Magazine article USA TODAY

Skies Alive

Magazine article USA TODAY

Skies Alive

Article excerpt

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FOOD, WATER, protective cover, and a sheltered place to nest and breed are basic to a bird's survival. Nature, however, oftentimes only supplies riving creatures with a suitable habitat for part of the year, as the changing seasons can alter a comfortable environment into an unlivable one. In response, animals either hibernate in winter or migrate to more suitable locations. Birds choose the latter. This fascinating interactive exhibit follows the Red Knot, Bobolink, and other migrating winged creatures as they make their arduous annual trek over North America on their way to the Canadian Arctic and other destinations. The two birds are among 320 species and millions of birds that pass by the East Coast as part of their migration along the Atlantic Flyway navigational route. "[This] is a wonderful place to witness bird migration," notes Dale Rosselet, vice president for education at the New Jersey Audubon Society Center for Research and Education in Cape May Courthouse.

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The exhibit features four colorful habitat dioramas with corresponding taxidermy birds, including the Red Knot, Bobolink, Red-Headed Woodpecker, and the American Bittern. When visitors enter, they will be greeted by a short introductory video with commentary from environmentalists, researchers, and bird watchers. Also featured is a bird diversity wall with photography of Kevin T. Karlson and Lloyd Spitalnick, two well-known wildlife photographers, illustrating the varied species of migrant birds that traverse the East Coast.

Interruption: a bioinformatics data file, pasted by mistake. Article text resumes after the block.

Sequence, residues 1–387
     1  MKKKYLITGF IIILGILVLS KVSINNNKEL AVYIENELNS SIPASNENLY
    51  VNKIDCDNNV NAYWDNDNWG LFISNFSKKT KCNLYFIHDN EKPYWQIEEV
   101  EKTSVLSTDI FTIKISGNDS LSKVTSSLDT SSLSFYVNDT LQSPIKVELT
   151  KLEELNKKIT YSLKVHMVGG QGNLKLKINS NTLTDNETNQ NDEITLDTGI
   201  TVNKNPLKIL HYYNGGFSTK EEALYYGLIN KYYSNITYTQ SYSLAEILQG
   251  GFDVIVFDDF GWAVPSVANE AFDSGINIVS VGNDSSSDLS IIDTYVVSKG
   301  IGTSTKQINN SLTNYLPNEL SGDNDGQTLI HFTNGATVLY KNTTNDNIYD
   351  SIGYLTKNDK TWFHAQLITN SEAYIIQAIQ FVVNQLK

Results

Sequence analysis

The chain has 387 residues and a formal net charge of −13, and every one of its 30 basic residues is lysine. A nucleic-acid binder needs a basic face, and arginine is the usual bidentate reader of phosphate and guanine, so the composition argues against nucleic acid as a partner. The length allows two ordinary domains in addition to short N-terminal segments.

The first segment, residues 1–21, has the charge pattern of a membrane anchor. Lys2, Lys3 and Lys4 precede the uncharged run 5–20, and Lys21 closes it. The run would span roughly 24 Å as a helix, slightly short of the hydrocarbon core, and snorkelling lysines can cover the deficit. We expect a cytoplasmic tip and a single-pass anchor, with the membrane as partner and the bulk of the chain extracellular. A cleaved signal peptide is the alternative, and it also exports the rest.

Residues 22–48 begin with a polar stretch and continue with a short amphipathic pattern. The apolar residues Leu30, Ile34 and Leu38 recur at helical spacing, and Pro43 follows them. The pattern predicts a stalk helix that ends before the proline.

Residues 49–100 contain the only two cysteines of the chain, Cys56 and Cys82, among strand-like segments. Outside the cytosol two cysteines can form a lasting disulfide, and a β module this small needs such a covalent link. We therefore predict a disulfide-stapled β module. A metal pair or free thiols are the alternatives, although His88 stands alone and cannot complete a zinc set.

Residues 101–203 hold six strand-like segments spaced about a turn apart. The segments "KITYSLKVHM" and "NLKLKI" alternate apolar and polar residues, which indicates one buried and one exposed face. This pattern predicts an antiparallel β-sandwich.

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Onlookers also get a unique perspective (a bird's eye view, if you will) of planet Earth as well as the globe's depleting natural resources through a simulated journey from the sky. The exhibit looks at species diversity, conservation, and flight and migration adaptations.

"Skies Alive" shares the story of the amazing Red Knot, which flies 9,300 miles each way on its migration along the eastern coast of South America from Tierra del Fuego to the Canadian Arctic, explains Ismael Calderon, director of science at the Newark Museum and the developer, creator, and curator of the exhibition. "The bird is like a marathon runner, fattening up and using all of its energy before it fattens up again [by refueling] along the way. The bird synchronizes its migration so it can stop along the Delaware Bay when the horseshoe crabs are laying eggs and feast on the eggs. However, the Red Knot will soon be declared endangered because of the overharvesting horseshoe crabs has left the bird with little to eat during in its migration. …

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